On Tuesday, Canada sparked new controversy by publishing an updated travel advise, recommending residents not to visit certain regions such as Jammu & Kashmir, Assam, and Manipur.
Canada responded to the growing crisis by upgrading its travel advisory, advising its people to exercise "high degree of caution" when travelling to India due to the anticipated terrorism danger.
The freshly issued travel alert noted a generalised threat of terrorist attacks across India, but identified specific areas of increased risk.
It advised against non-essential travel to states such as Assam and , citing the risk of terrorism and insurgency in these areas.
The recommendation also advised against travelling to the Union Territory of Jammu and Kashmir, citing the unpredictability of the security situation as well as the presence of terrorism, militancy, civil unrest, and kidnapping.
The advise specifically prohibited travel to or inside the Union Territory of
Canada warned its residents to avoid border areas with Pakistan, particularly those within 10 km of the border in the provinces of Punjab, Rajasthan, and Gujarat.
This precautionary action was due to the volatile security environment in these areas, which was exacerbated by the presence of landmines and explosive ordnance. The Wagah border crossing, on the other hand, was exempt.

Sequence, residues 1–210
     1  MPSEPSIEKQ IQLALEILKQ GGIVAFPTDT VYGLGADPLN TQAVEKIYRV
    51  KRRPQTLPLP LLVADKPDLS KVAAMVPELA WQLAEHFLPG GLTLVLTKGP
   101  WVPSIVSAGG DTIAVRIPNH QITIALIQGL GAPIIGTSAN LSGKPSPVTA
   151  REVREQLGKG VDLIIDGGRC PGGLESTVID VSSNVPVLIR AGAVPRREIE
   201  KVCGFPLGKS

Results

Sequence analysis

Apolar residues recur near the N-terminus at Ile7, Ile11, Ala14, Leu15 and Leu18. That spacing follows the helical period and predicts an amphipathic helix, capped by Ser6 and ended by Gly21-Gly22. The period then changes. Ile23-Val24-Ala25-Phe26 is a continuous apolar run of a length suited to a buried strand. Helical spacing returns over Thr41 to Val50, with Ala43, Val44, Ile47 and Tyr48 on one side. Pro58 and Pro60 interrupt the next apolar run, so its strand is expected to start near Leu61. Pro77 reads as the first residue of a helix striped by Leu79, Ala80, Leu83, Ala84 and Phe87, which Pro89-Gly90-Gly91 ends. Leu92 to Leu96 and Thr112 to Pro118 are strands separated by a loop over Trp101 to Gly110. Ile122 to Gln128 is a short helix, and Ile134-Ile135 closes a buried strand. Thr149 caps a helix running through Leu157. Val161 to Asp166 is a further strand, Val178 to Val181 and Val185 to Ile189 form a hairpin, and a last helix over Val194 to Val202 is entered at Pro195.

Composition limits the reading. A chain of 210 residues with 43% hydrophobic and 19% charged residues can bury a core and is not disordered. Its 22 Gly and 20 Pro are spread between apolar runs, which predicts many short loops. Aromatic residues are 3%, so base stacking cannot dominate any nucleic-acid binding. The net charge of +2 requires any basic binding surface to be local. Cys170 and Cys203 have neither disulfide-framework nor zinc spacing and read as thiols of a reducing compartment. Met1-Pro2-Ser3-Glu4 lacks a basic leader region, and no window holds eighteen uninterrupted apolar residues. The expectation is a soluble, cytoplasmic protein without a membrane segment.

The rise in relations between India and Canada went beyond travel warnings. India had earlier expelled a senior Canadian diplomat stationed in the country in response to Canada's moves.
Cameron Mackay, Canada's High Commissioner to India, was summoned, and the Indian government informed him that the diplomat will be expelled within five days.
The foreign ministry issued a statement claiming that the decision was made in response to perceived intervention by Canadian diplomats in internal Indian affairs and their alleged engagement in anti-India activities.
Following Canada's earlier expulsion of a high-ranking Indian diplomat, this diplomatic tit-for-tat marked a downward spiral in bilateral ties.
The principal driver of these developments was Canada's Prime Minister, Justin Trudeau, who accused the Government of India in an extraordinary speech to Parliament of having a hand in the June fatal shooting of Hardeep Singh Nijjar, the head of the Khalistan Tiger Force, in British Columbia.
Trudeau said that Canadian security authorities were actively investigating plausible allegations that Indian government operatives were involved in the murder.
India quickly dismissed these charges as "absurd and motivated," emphatically denying any participation in Nijjar's death.
The Ministry of External Affairs published a statement criticising the claims made by Canada's Prime Minister and Foreign Minister, emphasising their falsity.